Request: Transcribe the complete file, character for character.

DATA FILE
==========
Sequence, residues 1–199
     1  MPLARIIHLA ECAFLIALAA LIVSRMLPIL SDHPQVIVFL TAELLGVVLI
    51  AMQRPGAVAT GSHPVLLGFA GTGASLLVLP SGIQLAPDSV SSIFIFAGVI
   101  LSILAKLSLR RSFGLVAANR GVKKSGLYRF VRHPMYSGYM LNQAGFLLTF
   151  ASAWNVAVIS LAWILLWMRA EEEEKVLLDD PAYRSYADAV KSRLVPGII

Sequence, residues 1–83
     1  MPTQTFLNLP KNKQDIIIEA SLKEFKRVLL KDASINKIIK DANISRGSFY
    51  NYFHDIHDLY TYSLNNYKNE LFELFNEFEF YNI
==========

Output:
Sequence, residues 1–199
     1  MPLARIIHLA ECAFLIALAA LIVSRMLPIL SDHPQVIVFL TAELLGVVLI
    51  AMQRPGAVAT GSHPVLLGFA GTGASLLVLP SGIQLAPDSV SSIFIFAGVI
   101  LSILAKLSLR RSFGLVAANR GVKKSGLYRF VRHPMYSGYM LNQAGFLLTF
   151  ASAWNVAVIS LAWILLWMRA EEEEKVLLDD PAYRSYADAV KSRLVPGII

Sequence, residues 1–83
     1  MPTQTFLNLP KNKQDIIIEA SLKEFKRVLL KDASINKIIK DANISRGSFY
    51  NYFHDIHDLY TYSLNNYKNE LFELFNEFEF YNI